Being rejected is never easy, but in Skellboy, the king's evil court magician Squaruman took revenge to another level. Fueling his anger and rage, he resurrects the dead, bringing the ancient evils that once roamed the land back to life. In his hubris, the once-great hero, Skippy, rises from his grave as well, although in skeletal form. A knight's suit armor is for the living, and although you have returned, you'll swap out body parts from fallen foes to cleanse the world of Cubold.
Skellboy evokes the essence of classic action-adventure titles; however, the world design is quite linear throughout the first few hours. Although you can wander around, places are gated off until you are supposed to be there. Without the inclusion of any minimap, it is quite easy to find yourself in the incorrect place, and therefore running around aimlessly until you reach the area that allows you to progress. This in itself is not necessarily a terrible design, but the slow-pace your character moves means it takes forever to travel. Not only that but playing on the Nintendo Switch, there is frequent stuttering when transitioning between zones. On multiple occasions, this had led to a death.
The second half of the game almost feels like an entirely different experience, allowing you to traverse easily and focuses more on exploration and side quests. The isometric fixed camera swings around as you move about the environments; however, it can be a tad finicky in specific areas, especially in the tight corridor sewer sections. The boxy, cardboard cutout visuals are a treat to experience, although it can be challenging to recognize items on the ground.
There are various weapon types, such as clubs that feature charge up attacks, dishing out extra damage, and destroying parts of the environment. Swords are perfect for close-range combo attacks. For example, the "cuttana" features a swift 3-hit combo, while "einszweidreihaender" (yes, that is the real name) is one of the best swords in the game, and has a combo that ends with a 360-degree swing. I got a chuckle out of swinging an old baguette, the longest sword in the game, but it crumbles after successful hits. Lances, once charged, can be thrown at enemies, but you need to wait for it to recharge before being able to attack again. Axes are best used to destroy the deadly red vines, but one of my favorite weapons is the "candy cone" wand. Comedically, it can turn one enemy into a walking cupcake, but the hit detection doesn't feel right. In fact, combat overall doesn't feel great. Enemies can instantly damage you, even when stunned. Multiple occasions that I got hit when on top of a table in the castle section of the game, also though the enemy swords shouldn't be able to reach. It's an exciting concept having 2D characters in a 3D world, but the mechanics don't seem quite ready.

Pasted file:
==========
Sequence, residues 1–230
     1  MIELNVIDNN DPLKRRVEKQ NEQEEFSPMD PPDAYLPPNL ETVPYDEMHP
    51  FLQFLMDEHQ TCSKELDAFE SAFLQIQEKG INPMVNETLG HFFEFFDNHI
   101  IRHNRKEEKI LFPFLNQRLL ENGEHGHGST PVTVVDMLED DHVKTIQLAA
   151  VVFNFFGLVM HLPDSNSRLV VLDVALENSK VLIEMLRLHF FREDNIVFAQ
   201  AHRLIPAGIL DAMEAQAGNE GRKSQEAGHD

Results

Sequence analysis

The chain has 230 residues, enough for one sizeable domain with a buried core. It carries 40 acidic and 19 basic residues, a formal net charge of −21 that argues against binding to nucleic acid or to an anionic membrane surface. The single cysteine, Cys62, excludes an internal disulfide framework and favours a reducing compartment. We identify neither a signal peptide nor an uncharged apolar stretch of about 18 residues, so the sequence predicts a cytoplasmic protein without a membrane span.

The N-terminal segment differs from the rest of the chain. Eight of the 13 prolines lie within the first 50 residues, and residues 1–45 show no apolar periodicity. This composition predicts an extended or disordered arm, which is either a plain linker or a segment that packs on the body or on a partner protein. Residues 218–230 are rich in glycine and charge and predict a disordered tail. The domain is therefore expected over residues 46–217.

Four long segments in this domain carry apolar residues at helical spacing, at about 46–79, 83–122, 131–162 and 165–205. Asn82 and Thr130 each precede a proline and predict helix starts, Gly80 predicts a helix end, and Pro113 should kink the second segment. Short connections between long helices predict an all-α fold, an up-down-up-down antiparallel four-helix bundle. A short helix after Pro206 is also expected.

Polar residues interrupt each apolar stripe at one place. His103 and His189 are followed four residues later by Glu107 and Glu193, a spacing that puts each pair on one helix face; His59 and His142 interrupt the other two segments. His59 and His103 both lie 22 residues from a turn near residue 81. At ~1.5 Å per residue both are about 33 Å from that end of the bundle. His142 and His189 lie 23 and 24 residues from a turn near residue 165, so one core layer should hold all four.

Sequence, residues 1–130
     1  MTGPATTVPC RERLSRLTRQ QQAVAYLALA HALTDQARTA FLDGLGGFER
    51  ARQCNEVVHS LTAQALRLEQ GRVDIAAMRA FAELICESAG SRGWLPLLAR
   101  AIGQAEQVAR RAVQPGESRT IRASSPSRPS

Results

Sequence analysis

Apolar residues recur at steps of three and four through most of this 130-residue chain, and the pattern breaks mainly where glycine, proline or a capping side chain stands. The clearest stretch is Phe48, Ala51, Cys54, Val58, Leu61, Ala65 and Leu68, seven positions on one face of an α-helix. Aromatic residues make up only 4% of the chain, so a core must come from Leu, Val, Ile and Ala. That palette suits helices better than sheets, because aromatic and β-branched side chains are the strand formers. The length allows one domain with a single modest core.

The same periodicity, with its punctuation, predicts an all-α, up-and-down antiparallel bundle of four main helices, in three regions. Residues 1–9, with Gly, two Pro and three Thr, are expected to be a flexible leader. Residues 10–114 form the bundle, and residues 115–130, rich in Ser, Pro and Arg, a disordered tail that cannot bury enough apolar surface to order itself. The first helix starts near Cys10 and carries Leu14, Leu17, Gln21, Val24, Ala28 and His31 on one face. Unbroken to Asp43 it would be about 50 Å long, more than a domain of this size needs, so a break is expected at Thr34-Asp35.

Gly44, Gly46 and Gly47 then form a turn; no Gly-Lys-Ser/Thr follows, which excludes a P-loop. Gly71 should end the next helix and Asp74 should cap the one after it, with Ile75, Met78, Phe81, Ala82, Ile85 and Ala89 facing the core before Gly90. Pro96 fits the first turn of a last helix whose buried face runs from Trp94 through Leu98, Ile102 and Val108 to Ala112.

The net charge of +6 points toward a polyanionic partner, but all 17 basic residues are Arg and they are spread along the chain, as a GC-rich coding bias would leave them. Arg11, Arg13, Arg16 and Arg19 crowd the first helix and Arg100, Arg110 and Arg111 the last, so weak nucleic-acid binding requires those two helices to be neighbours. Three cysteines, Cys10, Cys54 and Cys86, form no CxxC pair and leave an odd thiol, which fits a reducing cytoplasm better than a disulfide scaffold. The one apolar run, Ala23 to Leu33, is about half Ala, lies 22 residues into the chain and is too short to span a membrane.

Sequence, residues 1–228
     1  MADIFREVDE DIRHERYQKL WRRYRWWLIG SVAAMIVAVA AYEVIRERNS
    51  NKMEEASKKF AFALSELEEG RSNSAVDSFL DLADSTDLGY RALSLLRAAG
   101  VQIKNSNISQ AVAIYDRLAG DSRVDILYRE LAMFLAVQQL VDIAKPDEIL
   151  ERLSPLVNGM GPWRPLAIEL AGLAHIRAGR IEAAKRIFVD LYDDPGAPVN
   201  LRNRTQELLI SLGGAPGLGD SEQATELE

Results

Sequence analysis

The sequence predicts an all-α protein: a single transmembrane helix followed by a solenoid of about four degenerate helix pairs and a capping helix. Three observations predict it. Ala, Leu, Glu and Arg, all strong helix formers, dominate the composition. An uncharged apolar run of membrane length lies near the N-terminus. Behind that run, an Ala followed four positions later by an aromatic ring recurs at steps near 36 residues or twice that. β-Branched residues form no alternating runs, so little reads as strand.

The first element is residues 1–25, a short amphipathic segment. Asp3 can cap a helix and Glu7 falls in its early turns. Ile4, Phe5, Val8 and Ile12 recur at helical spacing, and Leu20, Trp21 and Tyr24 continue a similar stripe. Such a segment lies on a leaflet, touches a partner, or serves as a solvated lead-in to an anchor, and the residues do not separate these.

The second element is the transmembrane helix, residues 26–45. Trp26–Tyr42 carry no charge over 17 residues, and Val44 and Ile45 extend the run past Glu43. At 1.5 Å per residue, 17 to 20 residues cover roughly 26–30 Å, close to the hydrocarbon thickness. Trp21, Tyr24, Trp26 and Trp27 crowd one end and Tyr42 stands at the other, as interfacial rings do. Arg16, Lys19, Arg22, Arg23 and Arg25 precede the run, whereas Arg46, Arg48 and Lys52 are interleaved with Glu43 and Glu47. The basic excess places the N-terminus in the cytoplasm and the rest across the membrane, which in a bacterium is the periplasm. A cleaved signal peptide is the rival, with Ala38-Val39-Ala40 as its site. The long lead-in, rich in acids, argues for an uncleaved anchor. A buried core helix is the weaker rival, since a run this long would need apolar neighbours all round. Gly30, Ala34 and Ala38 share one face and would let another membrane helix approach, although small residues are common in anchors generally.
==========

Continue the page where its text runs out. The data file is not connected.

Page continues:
The key mechanic in Skellboy allows you to swap out body parts from fallen enemies. Equipping the red knight's armor piece provides additional life, but slows your already pitiful walking speed down even further. There isn't any way to keep more than one at a time, so you'll have to decide on the fly which to use. However, as you approach the spinning items on the ground, there isn't any indicator of what it is or what effects come with it without equipping them first and pausing the game. Countless times, I've ended up equipping worse items, such as the cardboard sword (the first sword you get in the game), or boots that leave puddles of fire that can hurt you. Extra components can be added to your body, such as a "bellypumpkin," acting as armor to supplement your health. As you defeat enemies or destroy boxes/random objects, things can get quite cluttered, although most elements will eventually disappear over time.
There aren't many checkpoints in the game (where you respawn upon dying), and it can be quite frustrating when combined with the overly slow movement of your character. Yes, you can find specific items to equip movement speed, but even then, the pace is still unbelievably slow.
I thoroughly enjoyed the visual style of Skellboy with everything resembling thick cardboard cutouts. The concept of using 2D with a 3D world is fantastic, but the execution falls flat. The combat is cumbersome, the music is highly repetitive, and the performance on Switch is not that great.Note: Skellboy was reviewed on Switch. A digital copy of the game was provided by the publisher/developer.